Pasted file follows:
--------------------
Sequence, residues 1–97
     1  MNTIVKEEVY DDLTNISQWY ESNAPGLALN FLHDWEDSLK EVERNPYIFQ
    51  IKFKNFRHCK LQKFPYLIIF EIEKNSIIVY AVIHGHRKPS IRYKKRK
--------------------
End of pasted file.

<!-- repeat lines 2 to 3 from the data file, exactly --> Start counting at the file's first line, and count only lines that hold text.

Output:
     1  MNTIVKEEVY DDLTNISQWY ESNAPGLALN FLHDWEDSLK EVERNPYIFQ
    51  IKFKNFRHCK LQKFPYLIIF EIEKNSIIVY AVIHGHRKPS IRYKKRK